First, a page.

public static int getClosestK(int[] a, int x) {

    int low = 0;
    int high = a.length - 1;

    if (high < 0)
        throw new IllegalArgumentException("The array cannot be empty");

    while (low < high) {
        int mid = (low + high) / 2;
        assert(mid < high);
        int d1 = Math.abs(a[mid  ] - x);
        int d2 = Math.abs(a[mid+1] - x);
        if (d2 <= d1)
        {
            low = mid+1;
        }
        else
        {
            high = mid;
        }
    }
    return a[high];
}

Here's the principle : the interval [low, high] will contain the closest element to x at any time. At the beginning, this interval is the whole array ([low, high] = [0, length-1]). At each iteration, we'll make it strictly smaller. When the range is limited to a single element, this is the element we are looking for.

In order to make the range smaller, at each iteration, we'll consider mid the middle point of [low, high]. Because of the way mid is computed, mid+1 is also in the range. We'll check if the closest value is at mid or mid+1 and update high or low accordingly. One can check that the range actually gets smaller.

Edit to answer to comments:

As spotted by @Vick-Chijwani , this code doesn't handle perfectly the scenarios where an element appears multiple times in the input. One can add the following working tests to the code :

    // case similar elements
    int[] a8 = {10, 10, 10, 10, 10, 10, 10, 10, 10, 10, 10, 10, 10, 10, 10, 10, 10, 10, 10, 10, 10, 10, 10, 10, 10};
    assertEquals(10, getClosestK(a8, 9));
    assertEquals(10, getClosestK(a8, 10));
    assertEquals(10, getClosestK(a8, 11));

but this one will fail :

   int[] a9 = {1, 2, 100, 100, 101};
   assertEquals(3, getClosestK(a9, 2)); // actually returns 100
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  • \$\begingroup\$ What if a[mid] == a[mid+1]? I imagine you'd have to walk to the left or right until they are unequal, then proceed to compute d1 and d2. But then you lose the worst-case O(log n) guarantee. \$\endgroup\$ – Vicky Chijwani May 13 '16 at 9:32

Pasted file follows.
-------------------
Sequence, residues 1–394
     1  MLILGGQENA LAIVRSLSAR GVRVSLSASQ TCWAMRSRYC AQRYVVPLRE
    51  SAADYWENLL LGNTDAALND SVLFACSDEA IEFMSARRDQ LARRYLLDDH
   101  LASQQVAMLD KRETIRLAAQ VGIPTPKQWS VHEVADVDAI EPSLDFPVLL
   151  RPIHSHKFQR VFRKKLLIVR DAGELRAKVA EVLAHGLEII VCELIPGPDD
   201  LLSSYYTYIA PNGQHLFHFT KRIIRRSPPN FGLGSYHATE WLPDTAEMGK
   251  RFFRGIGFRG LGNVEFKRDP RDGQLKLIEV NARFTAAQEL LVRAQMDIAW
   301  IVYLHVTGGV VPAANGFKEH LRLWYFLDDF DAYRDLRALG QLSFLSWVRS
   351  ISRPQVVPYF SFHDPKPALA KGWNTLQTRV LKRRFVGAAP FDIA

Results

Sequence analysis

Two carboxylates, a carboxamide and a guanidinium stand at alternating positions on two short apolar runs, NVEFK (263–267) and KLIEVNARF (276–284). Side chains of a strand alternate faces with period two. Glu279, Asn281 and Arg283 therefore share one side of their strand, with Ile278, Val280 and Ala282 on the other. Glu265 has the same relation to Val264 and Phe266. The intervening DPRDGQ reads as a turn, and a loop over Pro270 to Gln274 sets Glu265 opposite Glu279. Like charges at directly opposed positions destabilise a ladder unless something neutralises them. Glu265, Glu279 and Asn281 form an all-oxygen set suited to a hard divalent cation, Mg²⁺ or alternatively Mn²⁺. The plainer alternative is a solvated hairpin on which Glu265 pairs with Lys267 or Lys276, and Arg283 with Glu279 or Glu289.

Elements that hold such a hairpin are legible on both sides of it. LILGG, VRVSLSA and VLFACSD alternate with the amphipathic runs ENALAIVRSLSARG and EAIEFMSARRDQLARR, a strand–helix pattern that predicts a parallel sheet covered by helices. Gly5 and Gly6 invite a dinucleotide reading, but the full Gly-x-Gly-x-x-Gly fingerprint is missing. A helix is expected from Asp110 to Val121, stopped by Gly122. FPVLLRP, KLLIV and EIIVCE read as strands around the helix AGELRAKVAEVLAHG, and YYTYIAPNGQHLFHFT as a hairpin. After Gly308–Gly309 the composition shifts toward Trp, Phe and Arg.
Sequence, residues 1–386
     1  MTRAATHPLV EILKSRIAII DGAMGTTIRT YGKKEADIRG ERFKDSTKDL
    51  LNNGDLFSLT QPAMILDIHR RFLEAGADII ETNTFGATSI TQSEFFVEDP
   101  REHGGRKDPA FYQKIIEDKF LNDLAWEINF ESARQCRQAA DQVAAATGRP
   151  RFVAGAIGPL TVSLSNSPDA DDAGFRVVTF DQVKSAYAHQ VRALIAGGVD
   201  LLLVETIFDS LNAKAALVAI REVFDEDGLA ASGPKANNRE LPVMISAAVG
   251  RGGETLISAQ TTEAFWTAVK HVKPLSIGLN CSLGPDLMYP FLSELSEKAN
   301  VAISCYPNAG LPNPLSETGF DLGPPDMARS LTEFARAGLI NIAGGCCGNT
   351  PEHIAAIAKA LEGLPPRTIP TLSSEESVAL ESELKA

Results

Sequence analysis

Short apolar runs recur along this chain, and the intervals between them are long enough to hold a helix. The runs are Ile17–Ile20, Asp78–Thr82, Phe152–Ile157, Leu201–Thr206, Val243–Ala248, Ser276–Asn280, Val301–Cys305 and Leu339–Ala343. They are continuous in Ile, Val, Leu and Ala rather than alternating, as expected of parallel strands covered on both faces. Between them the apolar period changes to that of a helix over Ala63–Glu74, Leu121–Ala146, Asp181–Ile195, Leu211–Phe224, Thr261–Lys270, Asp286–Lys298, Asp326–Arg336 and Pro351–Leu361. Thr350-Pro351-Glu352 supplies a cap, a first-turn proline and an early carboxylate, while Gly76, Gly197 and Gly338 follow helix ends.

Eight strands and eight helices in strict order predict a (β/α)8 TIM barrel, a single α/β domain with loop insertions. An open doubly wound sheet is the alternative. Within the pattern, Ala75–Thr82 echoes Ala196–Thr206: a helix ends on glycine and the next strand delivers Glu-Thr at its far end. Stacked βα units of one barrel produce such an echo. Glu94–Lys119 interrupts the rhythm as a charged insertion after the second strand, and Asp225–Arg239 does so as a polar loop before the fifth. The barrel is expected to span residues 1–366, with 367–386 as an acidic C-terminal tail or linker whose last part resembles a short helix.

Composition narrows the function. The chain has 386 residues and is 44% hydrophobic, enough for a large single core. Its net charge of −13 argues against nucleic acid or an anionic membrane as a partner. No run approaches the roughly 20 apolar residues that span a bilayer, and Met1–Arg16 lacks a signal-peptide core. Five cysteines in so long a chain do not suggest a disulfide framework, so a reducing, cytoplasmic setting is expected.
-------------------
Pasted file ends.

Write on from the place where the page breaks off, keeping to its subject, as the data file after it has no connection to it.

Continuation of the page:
• \$\begingroup\$ Hi @VickyChijwani, thanks for your feedback. I'm AFK for a few days but I'll try to think about it and let you know asap :-) \$\endgroup\$ – SylvainD May 13 '16 at 19:18
  • \$\begingroup\$ Thanks! No hurry. The idea of walking left and right that I suggested, seems to work well enough for my use-case. \$\endgroup\$ – Vicky Chijwani May 13 '16 at 19:21
  • \$\begingroup\$ @VickyChijwani Everything seems to work fine. I've added an edit to my answer. Please let me know if you need more details. Basically, when 2 (consecutive) elements are equal, we have d1 == d2 (which is equal to 0 if this is the element we where looking for) and we reduce the search range accordingly : low = mid+1;. Please let me know if you see an issue. \$\endgroup\$ – SylvainD May 17 '16 at 9:15
  • \$\begingroup\$ Your solution returns 100 for a = [1, 2, 100, 100, 101] and x = 3, which is incorrect. The reason is that, when d1 == d2, you don't have enough information to decide which half of the array to check next, so you must somehow make them unequal before proceeding. \$\endgroup\$ – Vicky Chijwani May 17 '16 at 9:30
6
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Are you allowed to use java.util.Arrays.binarySearch ? If you don't need to detect whether or not the array is sorted, this will give you the one or two closest elements quickly.

public static int getClosestK(int[] a, int x) {
    int idx = java.util.Arrays.binarySearch(a, x);
    if ( idx < 0 ) {